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April 18, 1996

DEAth In Colorado
Hemp Cultivation Killed By House Agriculture Committee

        April 11,1996, Denver CO:  Legislation (SB 67) that would have allowed Colorado to become the first state to legally grow industrial hemp since World War II was killed by the House Agriculture Committee by a stunning 8-5 vote.  The vote came as a surprise to many who had watched support for domestic hemp legislation grow in recent weeks, including gaining approval from the full Senate.
        Many witnesses attribute the outcome to a collective show of force from law and drug enforcement officials.  During the four hour hearing, twelve law enforcement officials testified against the bill, including regional DEA representative Greg Williams and Colorado Bureau of Investigation Director Carl Whiteside.  Among their arguments, law enforcement testified that there is no difference between industrial hemp and marijuana and that passing the Hemp Industrial Production Act would send the wrong message to young people.  "In the minds of many, ... [support for] this will be perceived as a weakening of our anti-marijuana message in our society," stated Special Agent Williams.
        "Fear and intimidation" scared off support for this bill in the Committee, said the bill's sponsor, Senator Lloyd Casey (D-Northglenn).  Hemp activist Laura Kriho of the Colorado Hemp Initiative Project (CO-HIP) agrees.  The emotional pressure and scare tactics used by these law enforcement agencies effectively strong-armed the state legislature, forcing them to vote for the police and against the farmers of Colorado."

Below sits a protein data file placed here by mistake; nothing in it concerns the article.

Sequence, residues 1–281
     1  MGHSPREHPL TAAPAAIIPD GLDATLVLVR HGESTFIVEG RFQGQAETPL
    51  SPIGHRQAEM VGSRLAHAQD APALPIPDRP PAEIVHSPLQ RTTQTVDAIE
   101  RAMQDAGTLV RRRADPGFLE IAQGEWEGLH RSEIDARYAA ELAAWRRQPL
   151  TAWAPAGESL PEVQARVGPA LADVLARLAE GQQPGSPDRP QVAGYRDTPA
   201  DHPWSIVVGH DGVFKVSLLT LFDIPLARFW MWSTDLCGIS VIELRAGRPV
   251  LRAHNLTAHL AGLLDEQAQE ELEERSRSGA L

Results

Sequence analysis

One legislator who voted against the measure, Rep. Russell George (R-Rifle), explained in an interview immediately after the hearing how the testimony of law enforcement influenced his decision.  "The key factor in making up my vote was when the ... DEA ... testified and said that under no circumstances would [they] issue any kind of registration or permit," he said.  "That meant anything else we did with this bill was a waste of time and was moot because the bill itself said that ... farmer[s] couldn't go forward without a DEA registration."
        The presence of the DEA at the hearing was especially troubling to both Casey and hemp proponents who noted that, prior to the April 11 hearing, representatives from the agency had been cooperative with the bill's backers.  In the past, the DEA in Colorado had "appeared helpful," noted Kriho.  "We had even been told that ... the DEA in Washington, D.C. [was] in the process of reviewing policies related to industrial hemp production.  ... [However,] after the DEA testimony at the hearing, I believe it is safe to say that the DEA is not working with hemp proponents."